The financial crisis and its aftermath, a rising deficit and cuts to public spending, has led to a lot more discussion about numbers in the press and among politicians. Until a couple of years ago, most of us rarely thought about the public debt or government deficit, then suddenly we were being hit with incomprehensible numbers; tens of millions in borrowing each month.
But figures are meaningless on their own. £500,000 is a hell of a lot of money to most people but, in certain parts of London, if you can get a house for that it is a bargain. What counts as a ‘big number’ depends entirely on context.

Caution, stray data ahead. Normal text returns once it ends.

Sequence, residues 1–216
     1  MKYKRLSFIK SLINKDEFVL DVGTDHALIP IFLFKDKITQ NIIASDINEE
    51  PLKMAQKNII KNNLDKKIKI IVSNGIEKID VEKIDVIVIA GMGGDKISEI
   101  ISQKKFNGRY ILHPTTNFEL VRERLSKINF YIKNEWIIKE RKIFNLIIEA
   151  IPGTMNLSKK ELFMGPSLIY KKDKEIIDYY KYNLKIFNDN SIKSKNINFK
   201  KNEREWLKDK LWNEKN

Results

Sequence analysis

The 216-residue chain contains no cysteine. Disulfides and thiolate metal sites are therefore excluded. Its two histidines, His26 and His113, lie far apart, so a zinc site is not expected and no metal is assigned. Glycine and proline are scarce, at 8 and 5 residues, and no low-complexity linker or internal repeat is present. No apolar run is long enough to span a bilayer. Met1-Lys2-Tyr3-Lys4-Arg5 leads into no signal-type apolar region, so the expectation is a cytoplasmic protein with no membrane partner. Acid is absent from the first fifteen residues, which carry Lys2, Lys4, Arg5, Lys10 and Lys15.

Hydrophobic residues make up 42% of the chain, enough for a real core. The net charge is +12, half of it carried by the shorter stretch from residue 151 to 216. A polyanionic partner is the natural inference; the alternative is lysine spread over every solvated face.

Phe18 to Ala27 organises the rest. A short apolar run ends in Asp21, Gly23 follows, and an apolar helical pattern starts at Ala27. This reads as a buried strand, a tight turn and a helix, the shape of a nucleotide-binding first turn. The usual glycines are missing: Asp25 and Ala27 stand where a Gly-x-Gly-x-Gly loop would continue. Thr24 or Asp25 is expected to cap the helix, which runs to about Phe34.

I was taught many years ago to respond to people quoting ‘big numbers’ by asking ‘compared to what?’ For example, by comparing the UK’s debt to that of other countries, or to that of previous decades, the ‘big number’ is placed in its context. We’ve seen worse than this and most other large advanced economies are in the same state.
So when I hear politicians throwing ‘big numbers’ around I reach for my bullshit detector. A recent clash in the commons between David Cameron and Harriet Harman saw the Prime Minister expressing disbelief at the sheer size of a public sector organisation’s back-office functions. ‘Compared to what?’ I thought to myself.